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When Chili Pepper the Patagonian Cavy displayed something unusual he needed to be seen by a veterinarian. Join Jessi and Chili Pepper on their adventure to the vet!

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Jessi: When you're caring for an animal it can be easy to forget that they can't tell you when something's bugging them. At least not with words. But they can tell you in their own way, if you're paying attention. It's important to know what's normal for them as a species but also what's normal for them as an individual so you can spot when something's not normal.

A few weeks ago I noticed something on Chili Pepper that was not normal. He had a bare patch of skin on his neck. I gave it a good examination but I didn't find anything that made me think the situation was an emergency - Maybe he just rubbed it on something or one of his animal friends started playing too rough.

Whatever it was I wanted to watch and see if the hair would simply just grow back. After about a week of no new hair growth, I needed the opinion of a professional. Our veterinarian, Dr. Card was out to check on Kemosabe the porcupine, so I asked her to check on Chili Pepper, too.

She examined the furless patch and also found nothing of concern on the skin. But she then closely examined the rest of his body, too. She found that his ear was extremely itchy and when she rubbed his ear and the bare patch at the same time, he shook his head vigorously. It was obvious something was bugging him.

She didn't have her ear scope with her so we scheduled an appointment to bring him into the clinic and now I'd like to bring you along.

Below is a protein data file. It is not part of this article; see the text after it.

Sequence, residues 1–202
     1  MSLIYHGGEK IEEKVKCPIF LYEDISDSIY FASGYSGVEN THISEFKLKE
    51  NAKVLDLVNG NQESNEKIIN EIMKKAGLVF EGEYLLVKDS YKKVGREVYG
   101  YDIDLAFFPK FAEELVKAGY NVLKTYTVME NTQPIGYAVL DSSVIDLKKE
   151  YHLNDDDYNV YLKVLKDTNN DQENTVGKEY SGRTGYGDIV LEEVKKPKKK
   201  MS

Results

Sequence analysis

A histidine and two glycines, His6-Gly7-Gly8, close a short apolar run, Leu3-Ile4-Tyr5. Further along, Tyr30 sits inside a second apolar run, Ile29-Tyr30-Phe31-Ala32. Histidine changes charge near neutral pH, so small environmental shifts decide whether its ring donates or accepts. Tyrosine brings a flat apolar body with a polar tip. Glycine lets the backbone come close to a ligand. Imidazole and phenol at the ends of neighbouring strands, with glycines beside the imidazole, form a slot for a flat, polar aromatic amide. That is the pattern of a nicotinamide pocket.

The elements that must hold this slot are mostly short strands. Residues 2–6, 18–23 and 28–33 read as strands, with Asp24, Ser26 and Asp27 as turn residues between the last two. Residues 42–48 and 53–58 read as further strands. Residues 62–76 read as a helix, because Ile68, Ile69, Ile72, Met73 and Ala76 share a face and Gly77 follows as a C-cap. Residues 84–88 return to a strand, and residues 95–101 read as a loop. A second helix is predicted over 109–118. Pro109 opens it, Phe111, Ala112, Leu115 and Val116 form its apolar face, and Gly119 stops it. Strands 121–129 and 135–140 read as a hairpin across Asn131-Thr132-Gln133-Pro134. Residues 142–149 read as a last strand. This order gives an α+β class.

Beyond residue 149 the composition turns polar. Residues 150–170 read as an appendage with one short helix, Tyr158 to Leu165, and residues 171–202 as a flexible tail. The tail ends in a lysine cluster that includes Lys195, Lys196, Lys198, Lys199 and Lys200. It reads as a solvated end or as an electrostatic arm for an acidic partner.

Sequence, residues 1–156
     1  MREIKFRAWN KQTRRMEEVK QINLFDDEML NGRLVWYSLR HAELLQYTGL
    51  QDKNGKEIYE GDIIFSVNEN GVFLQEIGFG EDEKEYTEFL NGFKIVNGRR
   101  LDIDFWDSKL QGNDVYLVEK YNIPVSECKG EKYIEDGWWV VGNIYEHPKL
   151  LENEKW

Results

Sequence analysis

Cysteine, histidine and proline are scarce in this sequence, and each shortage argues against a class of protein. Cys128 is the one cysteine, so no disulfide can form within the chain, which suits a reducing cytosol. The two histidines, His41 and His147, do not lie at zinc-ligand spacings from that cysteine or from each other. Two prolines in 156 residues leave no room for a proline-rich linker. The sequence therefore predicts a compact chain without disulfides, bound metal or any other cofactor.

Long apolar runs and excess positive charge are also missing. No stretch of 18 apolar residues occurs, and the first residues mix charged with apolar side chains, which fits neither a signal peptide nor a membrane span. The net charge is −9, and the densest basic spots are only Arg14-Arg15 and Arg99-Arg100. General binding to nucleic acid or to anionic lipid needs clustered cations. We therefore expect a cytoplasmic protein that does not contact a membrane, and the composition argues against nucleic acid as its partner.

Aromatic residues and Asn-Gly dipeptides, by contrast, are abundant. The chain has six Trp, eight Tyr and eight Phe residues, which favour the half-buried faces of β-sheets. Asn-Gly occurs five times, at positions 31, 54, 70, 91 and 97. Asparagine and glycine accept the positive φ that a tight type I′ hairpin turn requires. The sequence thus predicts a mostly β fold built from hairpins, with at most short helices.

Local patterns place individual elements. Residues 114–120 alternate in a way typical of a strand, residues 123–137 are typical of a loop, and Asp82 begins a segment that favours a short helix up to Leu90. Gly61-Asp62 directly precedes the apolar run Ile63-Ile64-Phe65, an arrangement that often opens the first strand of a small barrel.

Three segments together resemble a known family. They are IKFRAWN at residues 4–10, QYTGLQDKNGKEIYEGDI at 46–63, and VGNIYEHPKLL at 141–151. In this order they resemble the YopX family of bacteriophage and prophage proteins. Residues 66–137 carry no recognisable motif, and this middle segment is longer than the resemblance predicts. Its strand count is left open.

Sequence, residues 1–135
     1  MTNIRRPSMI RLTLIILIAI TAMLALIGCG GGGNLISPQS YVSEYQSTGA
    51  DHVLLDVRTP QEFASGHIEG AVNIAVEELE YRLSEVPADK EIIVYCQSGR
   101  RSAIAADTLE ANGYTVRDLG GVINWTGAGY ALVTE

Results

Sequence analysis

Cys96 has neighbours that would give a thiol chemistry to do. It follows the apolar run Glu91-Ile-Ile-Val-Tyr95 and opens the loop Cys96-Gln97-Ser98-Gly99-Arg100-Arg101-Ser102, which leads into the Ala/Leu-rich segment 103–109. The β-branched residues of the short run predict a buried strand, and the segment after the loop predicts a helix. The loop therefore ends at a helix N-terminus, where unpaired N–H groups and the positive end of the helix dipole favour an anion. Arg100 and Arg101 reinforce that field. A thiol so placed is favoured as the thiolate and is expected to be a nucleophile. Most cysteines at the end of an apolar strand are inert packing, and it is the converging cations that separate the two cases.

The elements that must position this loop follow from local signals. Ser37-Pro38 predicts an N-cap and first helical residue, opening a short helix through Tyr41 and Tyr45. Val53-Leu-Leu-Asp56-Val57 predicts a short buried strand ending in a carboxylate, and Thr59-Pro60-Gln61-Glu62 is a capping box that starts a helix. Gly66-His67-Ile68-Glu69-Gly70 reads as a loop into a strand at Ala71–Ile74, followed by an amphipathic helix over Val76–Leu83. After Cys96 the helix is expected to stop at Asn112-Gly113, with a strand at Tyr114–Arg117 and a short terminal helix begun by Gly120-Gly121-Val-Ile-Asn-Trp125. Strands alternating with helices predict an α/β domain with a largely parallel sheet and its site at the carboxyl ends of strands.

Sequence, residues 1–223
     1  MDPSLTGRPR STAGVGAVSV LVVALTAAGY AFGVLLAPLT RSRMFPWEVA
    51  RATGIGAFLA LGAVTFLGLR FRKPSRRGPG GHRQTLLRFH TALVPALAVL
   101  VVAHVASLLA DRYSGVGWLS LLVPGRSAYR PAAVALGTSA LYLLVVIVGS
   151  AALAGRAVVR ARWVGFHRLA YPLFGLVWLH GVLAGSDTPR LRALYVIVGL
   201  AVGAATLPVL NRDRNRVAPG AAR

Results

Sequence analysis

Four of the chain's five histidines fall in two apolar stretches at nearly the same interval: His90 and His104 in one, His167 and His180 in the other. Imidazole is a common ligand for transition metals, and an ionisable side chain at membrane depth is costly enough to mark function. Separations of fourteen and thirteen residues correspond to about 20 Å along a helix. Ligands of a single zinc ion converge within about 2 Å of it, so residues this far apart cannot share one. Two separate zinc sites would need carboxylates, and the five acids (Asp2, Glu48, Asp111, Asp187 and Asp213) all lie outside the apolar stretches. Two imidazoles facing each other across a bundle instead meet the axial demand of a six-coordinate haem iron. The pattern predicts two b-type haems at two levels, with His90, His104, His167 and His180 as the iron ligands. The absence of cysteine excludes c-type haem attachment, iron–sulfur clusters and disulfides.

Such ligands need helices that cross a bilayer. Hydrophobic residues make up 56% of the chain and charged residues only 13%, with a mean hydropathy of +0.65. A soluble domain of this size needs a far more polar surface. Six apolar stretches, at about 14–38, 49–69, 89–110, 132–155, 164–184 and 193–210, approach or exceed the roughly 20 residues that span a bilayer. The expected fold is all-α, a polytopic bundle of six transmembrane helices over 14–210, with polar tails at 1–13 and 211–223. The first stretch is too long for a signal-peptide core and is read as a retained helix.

Jessi: Chili Pepper does really well at the vet because he's just used to traveling and going to new places and exploring new things. But a lot of animals are going to be pretty stressed out, so don't expect them to behave the way they would at home, just be sensitive to their emotions.

So now we're in the exam room and we're just going to wait for Dr. Card to come.

Dr. Card: Alright Chili, come on out of there, let's take a look at you.

Jessi: Hey handsome. So it's been about three weeks since we first noticed it, and this was the first time we've noticed any new hair coming in.

Dr. Card: Yeah, that's a lot more hair than there was the other day.

Jessi: But it's still itchy.

Dr. Card: I think that this is not itchy. That's not itchy.

Jessi: Good.

Dr. Card: That's itchy.

Jessi: Is your ear still itchy?

Dr. Card: Maybe not. Maybe whatever was in there's gone.

Jessi: It resolved itself.

Dr. Card: Alright buddy, but you're here, we're gonna take a peek.

Jessi: Into the ear.

Dr. Card: Alright bud.

Jessi: How far down-down is his ear drum?

Dr. Card: I don't think they have a really long canal, they have, um, I don't know if they're like the, the guinea pigs have huge ears, internally. Just let me look, almost there. There, okay we're good.

Jessi: Oh, clear?

Dr. Card: Ear canal is clear, yep.

Jessi: Awesome!

Dr. Card: Yep, ear drum looks perfectly normal.

Jessi: Um, no inflammation?

Dr. Card: No inflammation.

Jessi: Is it just itchy cause it's annoying to have something in his ear?